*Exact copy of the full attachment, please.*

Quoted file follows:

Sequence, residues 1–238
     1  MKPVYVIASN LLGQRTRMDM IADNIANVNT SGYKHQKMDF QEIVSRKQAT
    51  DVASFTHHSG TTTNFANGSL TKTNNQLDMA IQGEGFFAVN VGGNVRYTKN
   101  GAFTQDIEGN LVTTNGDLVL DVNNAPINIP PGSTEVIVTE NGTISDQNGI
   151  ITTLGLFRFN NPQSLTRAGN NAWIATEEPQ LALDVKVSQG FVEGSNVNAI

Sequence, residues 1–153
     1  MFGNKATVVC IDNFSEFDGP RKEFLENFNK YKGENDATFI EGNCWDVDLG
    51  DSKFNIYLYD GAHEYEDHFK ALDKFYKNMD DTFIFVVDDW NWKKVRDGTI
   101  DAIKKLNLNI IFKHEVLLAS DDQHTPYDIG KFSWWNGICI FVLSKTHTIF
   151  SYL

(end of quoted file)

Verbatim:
Sequence, residues 1–238
     1  MKPVYVIASN LLGQRTRMDM IADNIANVNT SGYKHQKMDF QEIVSRKQAT
    51  DVASFTHHSG TTTNFANGSL TKTNNQLDMA IQGEGFFAVN VGGNVRYTKN
   101  GAFTQDIEGN LVTTNGDLVL DVNNAPINIP PGSTEVIVTE NGTISDQNGI
   151  ITTLGLFRFN NPQSLTRAGN NAWIATEEPQ LALDVKVSQG FVEGSNVNAI

Sequence, residues 1–153
     1  MFGNKATVVC IDNFSEFDGP RKEFLENFNK YKGENDATFI EGNCWDVDLG
    51  DSKFNIYLYD GAHEYEDHFK ALDKFYKNMD DTFIFVVDDW NWKKVRDGTI
   101  DAIKKLNLNI IFKHEVLLAS DDQHTPYDIG KFSWWNGICI FVLSKTHTIF
   151  SYL